What is HashiCorp Vault and why should you know about it?

HashiCorp Vault Explained

Vault is an open-source secrets management tool used to automate access to secrets, data, and systems.

This blog post comes from our Explained in 180 Seconds series on YouTube. If you prefer watching videos over reading, here you go:

First released in April 2015 by HashiCorp, it’s undergone many version releases to support securely storing and controlling access to tokens, passwords, certificates, and encryption keys.

Common Vault Use Cases

Vault can be used to protect sensitive data via the Command Line Interface, HTTP API calls, or even a User Interface.

It’s commonly used with cloud platforms like Azure, Google Cloud, and AWS, but it can be used with many other types of services that we’ll learn about in this post.

In fact, its most common use cases are:

  • General secret storage
  • Employee credential storage
  • API key generation for scripts
  • Data encryption

At its core, it’s really just open-source software that anyone can download and install.

Getting Started with Vault

Once installed, you can start a Vault server. Vault operates as a client-server application which means that the server client interacts with a backend over a TLS-encrypted connection to access data storage.

Once the server is running, you can use a Vault client to retrieve stored secrets by using the Vault server’s IP address & port, as well as a Vault token.

vault status

From there, you can do a lot:

vault kv -help

Whenever you need to create a new secret, for example, you can do that like this:

vault kv put -mount=secret hello foo=world

…at which point that data is then stored encrypted in the backend, and the backend can’t decrypt that data without the Vault server, meaning that an attacker would have to gain access to your Vault server to be able to decrypt the data.

You can then retrieve that secret like this:

vault kv get -mount=secret helloCode language: JavaScript (javascript)

This is an example of using key/value secrets, but Vault can do much more than that. It can also connect to other services and provide encryption as a service.

Secrets Engines Supported by Vault

You can view all of the supported Secrets Engines in their documentation, but some notable ones are:

  • Cloud providers
  • Kubernetes
  • Databases
  • SSH
  • Time-Based One-Time Passwords
  • Etc…

You can think of these as plugins that you enable or disable depending on what you need Vault for.

vault secrets enable -path=aws aws
vault secrets listCode language: PHP (php)

Dynamic Secrets in Vault

An added benefit of Vault is that it enables creating “Dynamic Secrets.”

With key/value pair, we’re storing static secrets like a username & password. What about secrets that should constantly change?

With Dynamic Secrets, the secrets only get created as they’re being read, and then destroyed once they’ve been used.

We could do this for cloud-based access.

Or, as another example, we could use this for database access.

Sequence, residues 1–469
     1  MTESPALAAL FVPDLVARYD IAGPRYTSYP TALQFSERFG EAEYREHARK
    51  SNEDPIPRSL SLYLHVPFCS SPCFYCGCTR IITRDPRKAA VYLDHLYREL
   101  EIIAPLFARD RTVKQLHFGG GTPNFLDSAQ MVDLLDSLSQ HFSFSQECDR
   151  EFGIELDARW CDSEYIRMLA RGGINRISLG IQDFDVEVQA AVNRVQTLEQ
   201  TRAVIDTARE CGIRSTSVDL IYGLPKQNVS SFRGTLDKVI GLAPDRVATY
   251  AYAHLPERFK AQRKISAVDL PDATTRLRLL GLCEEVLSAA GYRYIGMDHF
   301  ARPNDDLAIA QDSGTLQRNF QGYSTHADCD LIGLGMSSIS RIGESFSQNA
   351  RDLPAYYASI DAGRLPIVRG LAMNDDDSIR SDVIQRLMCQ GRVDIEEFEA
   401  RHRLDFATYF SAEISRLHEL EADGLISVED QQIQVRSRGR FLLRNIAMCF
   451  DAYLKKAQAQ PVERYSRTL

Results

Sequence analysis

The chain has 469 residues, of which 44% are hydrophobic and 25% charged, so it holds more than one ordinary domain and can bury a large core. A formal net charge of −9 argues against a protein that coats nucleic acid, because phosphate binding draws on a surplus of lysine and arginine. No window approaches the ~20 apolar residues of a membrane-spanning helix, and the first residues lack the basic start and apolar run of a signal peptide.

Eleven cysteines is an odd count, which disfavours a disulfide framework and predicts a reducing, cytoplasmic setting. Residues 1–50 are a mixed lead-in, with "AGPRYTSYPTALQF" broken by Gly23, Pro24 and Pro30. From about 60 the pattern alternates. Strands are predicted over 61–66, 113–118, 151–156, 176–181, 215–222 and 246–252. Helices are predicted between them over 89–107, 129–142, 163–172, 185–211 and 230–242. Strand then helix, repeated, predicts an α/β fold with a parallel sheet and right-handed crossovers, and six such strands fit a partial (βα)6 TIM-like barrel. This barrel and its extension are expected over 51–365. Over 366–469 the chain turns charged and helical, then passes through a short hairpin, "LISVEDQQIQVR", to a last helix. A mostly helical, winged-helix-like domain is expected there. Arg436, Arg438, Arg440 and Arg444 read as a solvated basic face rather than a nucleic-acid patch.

Traditionally, developers have to generate a static set of database credentials, and then they set those credentials as environment variables or they write them statically in configuration files.

Applications can instead ask Vault for database credentials, and those credentials will have a Time to Live (TTL) so they expire after a certain amount of time. The application can continue using those credentials until they expire, and then Vault will generate new ones.

Authentication Methods Supported by Vault

And before you ask…instead of having to use yet another authentication source for managing access to Vault, you can use one of many Auth Methods supported by Vault that you can see here, including:

  • Cloud providers
  • JSON Web Tokens (JWT)
  • Kerberos and LDAP
  • Kubernetes
  • Username & Password
  • Etc…

That way, you can delegate the authentication administration and decision to an external auth method that you already use in your organization or development process.

Using Vault

Once you’ve set up your Vault server and it’s running, you can access it via the CLI like I’ve shown in this video, or you can access it via the REST HTTP APIs, which is usually what the CLI is doing anyway.

You can also use a Web User Interface (UI) though, to manage many different aspects of Vault.

Summary & Cheat Sheet

So overall, Vault is a secure storage system that provides users with a safe and convenient way to store sensitive information. It offers storing encrypted data and multiple layers of authentication to ensure a high level of security, making it an ideal solution for businesses and individuals.

If you enjoyed this post, check out our YouTube series for more like this. I’m also curious to hear if you’re using any other sort of secrets management tool or if you plan on trying out Vault after reading this article, so leave a comment below with your thoughts!

We also published a HashiCorp Vault cheat sheet that you can download here.

Thanks for reading, and see you next time.

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